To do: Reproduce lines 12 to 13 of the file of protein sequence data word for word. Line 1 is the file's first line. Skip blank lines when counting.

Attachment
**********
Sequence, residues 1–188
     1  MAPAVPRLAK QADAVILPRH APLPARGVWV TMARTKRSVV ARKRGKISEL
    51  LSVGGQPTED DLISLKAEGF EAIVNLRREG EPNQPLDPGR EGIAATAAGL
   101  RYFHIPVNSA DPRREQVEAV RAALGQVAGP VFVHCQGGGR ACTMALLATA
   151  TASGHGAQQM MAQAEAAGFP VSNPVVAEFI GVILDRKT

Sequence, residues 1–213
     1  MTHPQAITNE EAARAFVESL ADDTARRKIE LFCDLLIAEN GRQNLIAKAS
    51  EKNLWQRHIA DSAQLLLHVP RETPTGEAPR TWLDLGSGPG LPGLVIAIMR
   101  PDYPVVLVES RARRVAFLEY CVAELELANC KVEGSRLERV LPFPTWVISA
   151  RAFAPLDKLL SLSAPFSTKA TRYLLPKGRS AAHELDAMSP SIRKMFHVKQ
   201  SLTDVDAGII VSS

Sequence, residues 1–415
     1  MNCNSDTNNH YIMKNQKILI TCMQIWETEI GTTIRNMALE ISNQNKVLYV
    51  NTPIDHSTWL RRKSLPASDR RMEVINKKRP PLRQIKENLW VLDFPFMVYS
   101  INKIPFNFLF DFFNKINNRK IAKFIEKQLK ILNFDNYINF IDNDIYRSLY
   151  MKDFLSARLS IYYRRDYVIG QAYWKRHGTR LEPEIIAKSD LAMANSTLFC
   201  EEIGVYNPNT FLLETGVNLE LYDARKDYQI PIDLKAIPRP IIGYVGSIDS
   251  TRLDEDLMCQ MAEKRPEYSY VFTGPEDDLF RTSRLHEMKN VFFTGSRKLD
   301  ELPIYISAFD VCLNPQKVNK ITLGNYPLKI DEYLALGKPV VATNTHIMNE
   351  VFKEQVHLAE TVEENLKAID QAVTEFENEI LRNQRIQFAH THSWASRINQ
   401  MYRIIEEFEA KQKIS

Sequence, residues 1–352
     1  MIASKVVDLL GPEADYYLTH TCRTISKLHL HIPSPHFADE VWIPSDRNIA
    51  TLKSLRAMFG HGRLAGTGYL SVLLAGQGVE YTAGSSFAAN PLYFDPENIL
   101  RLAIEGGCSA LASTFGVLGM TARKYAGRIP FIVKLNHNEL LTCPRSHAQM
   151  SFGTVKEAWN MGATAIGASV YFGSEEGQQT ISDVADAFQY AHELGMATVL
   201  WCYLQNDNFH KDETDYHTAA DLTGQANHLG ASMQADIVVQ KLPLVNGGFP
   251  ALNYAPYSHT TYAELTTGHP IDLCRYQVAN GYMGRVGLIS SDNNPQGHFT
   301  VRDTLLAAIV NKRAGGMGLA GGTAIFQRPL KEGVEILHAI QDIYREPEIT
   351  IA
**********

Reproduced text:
Sequence, residues 1–415
     1  MNCNSDTNNH YIMKNQKILI TCMQIWETEI GTTIRNMALE ISNQNKVLYV